Enhancing Insomnia Treatments by Modifying Drug Interactions with GABA-A Ions Channels Subunits
Background: Insomnia is a sleep disorder with 33% of adults in the general population reporting symptoms.1 Characterized by difficulties with initiating and maintaining sleep, both acute and chronic insomnia can precipitate cognitive challenges, fatigue, irritability, and increased risk of accidents.1,2 Pharmacological approaches usually target GABA-A ion channels (GABA-ARs), which are thought to balance the excitatory and inhibitory activities that regulate circadian rhythm and sleep.1
Objective: In this review, we explored the interactions between common hypnotic agents and specific subunits of the GABA-A ion channels and how this knowledge can improve future insomnia treatment.
Search Methods: I used the PubMed database and filtered through high impact journals that published relevant work between 2017-2023. I narrowed my search using the following keywords: “GABA-A ion channel”, “insomnia”, and “sleep regulation.”
Methods. Mice were injected with 3-carene from Korean pine trees and affinity 3-carene for the GABA-ARs BZ receptor was measured using radioligand binding assays.3 Molecular docking analysis of traditional Chinese hypnotic agent, Ziziphi Spinsaw Semen extract (ZSSE), was carried out to evaluate the binding affinity and conformation of the receptors to the ligands.4 Using fibroblast cells LtK-11 expressing human GABA-AR subunits from mice, manual whole cell patch-clamp experiments were administered to evaluate the potential of subunit targeting and pharmacodynamic fingerprinting.5 CRISPR-Cas9 and an adeno-associated viral (AAV) vector were used to mediate ablation in the α3 subunit in the TRN of mice and assess GABA-ARs α3 subunits’ effects on suppressing NREM sleep delta oscillation.6 Finally, extracellular tetrode recording electrodes in the prelimbic cortex and hippocampus of mice injected with Zolpidem were used to understand how common sleep agents affect NREM oscillations and neuronal activity.7
Results. 3-Carene not only showed an affinity for the GABA-ARs at the α1 and γ2 subunit, but it also increased the delay time of spontaneous inhibitory postsynaptic currents (sIPSCs) at those subunits.3 The molecular docking results showed that ZSSE increased α1 and γ2 expression in GABA-ARs in the hypothalamus and hippocampus. Thus, one of ZSSE’s mechanism to improve sleep is by increasing these subunits’ expression and inhibiting neuronal excitation.4 Seeing that CND does not feature the same sedative effects as ALZ and BRO does, which both increased current amplitudes of GABA-ARs with α1 subunit, further supports the hypothesis that α1 is highly involved in sedation and sleep.5 Recordings of the spontaneous inhibitory postsynaptic currents (sIPSCs) from TRN parvalbumin (PV) showed that α3 knockout (α3KD) led to increased delta oscillations.6 Zolpidem increased slow-wave activity (SWA), ripple activity in the hippocampus, and coupling between slow-waves and spindles. Interestingly, Zolpidem was able to increase SWA’s modulation of coordinated firing rates between the hippocampus and prefrontal cortex.7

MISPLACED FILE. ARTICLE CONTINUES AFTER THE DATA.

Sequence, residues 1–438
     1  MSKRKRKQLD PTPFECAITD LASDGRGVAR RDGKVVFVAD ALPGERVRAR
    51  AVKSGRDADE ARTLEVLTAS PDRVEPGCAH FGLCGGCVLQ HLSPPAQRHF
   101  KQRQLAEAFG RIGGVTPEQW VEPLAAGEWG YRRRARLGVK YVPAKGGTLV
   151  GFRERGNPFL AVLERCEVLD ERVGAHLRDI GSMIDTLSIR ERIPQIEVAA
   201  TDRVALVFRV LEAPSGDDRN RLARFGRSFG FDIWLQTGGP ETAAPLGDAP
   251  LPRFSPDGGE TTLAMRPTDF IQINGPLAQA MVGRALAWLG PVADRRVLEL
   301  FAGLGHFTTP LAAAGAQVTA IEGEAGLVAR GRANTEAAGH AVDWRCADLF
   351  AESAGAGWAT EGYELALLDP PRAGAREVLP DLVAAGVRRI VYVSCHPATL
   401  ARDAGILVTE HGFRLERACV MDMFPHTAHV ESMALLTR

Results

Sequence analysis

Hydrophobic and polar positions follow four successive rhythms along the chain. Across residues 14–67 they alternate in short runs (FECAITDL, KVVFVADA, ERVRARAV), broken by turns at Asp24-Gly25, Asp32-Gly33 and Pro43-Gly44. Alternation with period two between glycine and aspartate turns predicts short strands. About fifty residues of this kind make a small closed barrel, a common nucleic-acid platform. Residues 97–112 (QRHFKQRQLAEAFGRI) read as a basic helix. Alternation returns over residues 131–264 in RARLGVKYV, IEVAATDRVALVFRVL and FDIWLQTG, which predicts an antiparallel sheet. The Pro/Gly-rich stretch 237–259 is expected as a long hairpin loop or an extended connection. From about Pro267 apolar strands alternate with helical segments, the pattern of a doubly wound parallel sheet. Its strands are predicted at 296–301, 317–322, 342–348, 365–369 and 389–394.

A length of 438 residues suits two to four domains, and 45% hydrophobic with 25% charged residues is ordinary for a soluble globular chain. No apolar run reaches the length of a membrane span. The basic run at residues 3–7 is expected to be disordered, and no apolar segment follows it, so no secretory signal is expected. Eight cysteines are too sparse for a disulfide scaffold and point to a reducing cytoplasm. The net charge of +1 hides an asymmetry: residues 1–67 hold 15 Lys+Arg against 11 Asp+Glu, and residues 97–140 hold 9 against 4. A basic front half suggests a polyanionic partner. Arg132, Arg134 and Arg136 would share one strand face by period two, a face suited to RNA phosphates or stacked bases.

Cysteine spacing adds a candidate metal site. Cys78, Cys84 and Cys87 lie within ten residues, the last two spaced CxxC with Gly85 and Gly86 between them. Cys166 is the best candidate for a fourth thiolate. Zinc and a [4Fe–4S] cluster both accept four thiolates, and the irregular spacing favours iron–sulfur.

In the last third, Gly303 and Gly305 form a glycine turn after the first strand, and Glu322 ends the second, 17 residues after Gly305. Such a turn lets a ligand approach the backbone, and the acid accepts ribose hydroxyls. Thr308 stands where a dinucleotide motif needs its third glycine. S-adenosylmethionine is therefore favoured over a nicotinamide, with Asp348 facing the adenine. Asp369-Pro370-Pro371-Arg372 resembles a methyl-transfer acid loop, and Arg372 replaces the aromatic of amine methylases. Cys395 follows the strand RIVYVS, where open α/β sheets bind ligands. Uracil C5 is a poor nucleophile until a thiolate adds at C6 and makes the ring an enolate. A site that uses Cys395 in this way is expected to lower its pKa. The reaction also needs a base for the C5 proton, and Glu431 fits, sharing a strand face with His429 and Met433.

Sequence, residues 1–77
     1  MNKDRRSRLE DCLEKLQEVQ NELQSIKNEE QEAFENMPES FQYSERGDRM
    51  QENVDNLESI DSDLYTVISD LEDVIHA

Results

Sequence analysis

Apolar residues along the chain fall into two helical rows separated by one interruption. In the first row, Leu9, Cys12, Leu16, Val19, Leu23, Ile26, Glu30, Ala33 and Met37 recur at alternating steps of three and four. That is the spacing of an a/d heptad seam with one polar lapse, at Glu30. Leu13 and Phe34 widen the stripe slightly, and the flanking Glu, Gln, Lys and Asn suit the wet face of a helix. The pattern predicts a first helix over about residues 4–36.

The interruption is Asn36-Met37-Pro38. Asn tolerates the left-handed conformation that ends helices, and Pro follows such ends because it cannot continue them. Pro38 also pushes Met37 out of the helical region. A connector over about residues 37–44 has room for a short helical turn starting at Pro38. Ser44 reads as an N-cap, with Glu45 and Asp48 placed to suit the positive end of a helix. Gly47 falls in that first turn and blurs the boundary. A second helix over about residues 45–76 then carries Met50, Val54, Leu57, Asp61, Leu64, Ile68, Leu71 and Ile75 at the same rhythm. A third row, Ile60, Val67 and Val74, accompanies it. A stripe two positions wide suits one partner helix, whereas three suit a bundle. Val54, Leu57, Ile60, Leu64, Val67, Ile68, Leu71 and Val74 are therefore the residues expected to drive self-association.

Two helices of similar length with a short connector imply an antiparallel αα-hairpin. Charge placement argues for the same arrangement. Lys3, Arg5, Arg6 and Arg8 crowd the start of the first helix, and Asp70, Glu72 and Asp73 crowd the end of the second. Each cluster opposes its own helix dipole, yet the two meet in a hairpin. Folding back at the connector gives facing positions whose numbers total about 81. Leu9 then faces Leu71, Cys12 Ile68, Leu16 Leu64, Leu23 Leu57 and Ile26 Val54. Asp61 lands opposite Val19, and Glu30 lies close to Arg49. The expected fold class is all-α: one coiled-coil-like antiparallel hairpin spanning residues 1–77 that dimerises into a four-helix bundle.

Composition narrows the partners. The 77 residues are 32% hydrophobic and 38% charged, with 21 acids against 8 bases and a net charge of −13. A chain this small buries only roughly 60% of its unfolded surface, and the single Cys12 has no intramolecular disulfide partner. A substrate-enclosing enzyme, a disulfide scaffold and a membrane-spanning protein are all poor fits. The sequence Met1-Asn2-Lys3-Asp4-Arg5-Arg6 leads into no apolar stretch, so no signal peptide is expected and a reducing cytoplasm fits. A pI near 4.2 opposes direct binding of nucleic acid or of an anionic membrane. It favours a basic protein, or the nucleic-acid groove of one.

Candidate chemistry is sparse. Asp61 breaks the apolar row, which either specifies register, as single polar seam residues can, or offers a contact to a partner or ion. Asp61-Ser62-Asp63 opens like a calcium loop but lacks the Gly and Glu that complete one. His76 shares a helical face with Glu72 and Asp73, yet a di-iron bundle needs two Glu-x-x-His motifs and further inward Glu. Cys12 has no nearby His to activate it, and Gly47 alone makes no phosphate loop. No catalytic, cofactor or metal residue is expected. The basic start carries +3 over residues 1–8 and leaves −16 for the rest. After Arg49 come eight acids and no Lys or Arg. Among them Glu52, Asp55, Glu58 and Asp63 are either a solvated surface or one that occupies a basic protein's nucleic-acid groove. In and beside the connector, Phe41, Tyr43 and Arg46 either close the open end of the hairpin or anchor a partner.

Conclusion. GABA-A ion channel α1, α3, and γ2 subunits play an important role in sleep regulation.2,3,4,6 Stimulation of α1 and γ2 and inhibition of α3 can help avoid unwanted anxiolytic effects.5,6 Pharmacodynamic fingerprinting via subunit selectivity used to individualize insomnia therapies.6 Synchronous inhibitory activity between CA1 cells of hippocampus and prefrontal cortex are vital to improving quality and length of sleep.7
- Avidan AY, Neubauer DN. Chronic Insomnia Disorder. Continuum (Minneap Minn). 2017;23(4, Sleep Neurology):1064-1092. doi:10.1212/01.CON.0000522244.13784.bf
- Bollu PC, Kaur H. Sleep Medicine: Insomnia and Sleep. Mo Med. 2019 Jan-Feb;116(1):68-75. PMID: 30862990; PMCID: PMC6390785.
- Woo J, Yang H, Yoon M, et al. 3-carene, a phytoncide from Pine Tree has a sleep-enhancing effect by targeting the GABA-A-benzodiazepine receptors. Experimental Neurobiology. 2019;28(5):593-601. doi:10.5607/en.2019.28.5.593
- Xiao F, Shao S, Zhang H, et al. Neuroprotective effect of Ziziphi spinosae semen on rats with P-chlorophenylalanine-induced insomnia via activation of Gabaa receptor. Frontiers in Pharmacology. 2022;13. doi:10.3389/fphar.2022.965308
- Fernandes H, Batalha V, Braksator E, et al. Voltage-clamp evidence of Gabaa receptor subunit-specific effects: Pharmacodynamic fingerprint of chlornordiazepam, the major active metabolite of mexazolam, as compared to alprazolam, bromazepam, and Zolpidem. Pharmacological Reports. 2022;74(5):956-968. doi:10.1007/s43440-022-00411-x
- Uygun DS, Yang C, Tilli ER, et al. Knockdown of Gabaa alpha3 subunits on thalamic reticular neurons enhances deep sleep in mice. Nature Communications. 2022;13(1). doi:10.1038/s41467-022-29852-x
- Kersanté F, Purple RJ, Jones MW. The GABAA receptor modulator zolpidem augments hippocampal-prefrontal coupling during non-REM sleep. Neuropsychopharmacology. 2022;48(4):594-604. doi:10.1038/s41386-022-01355-9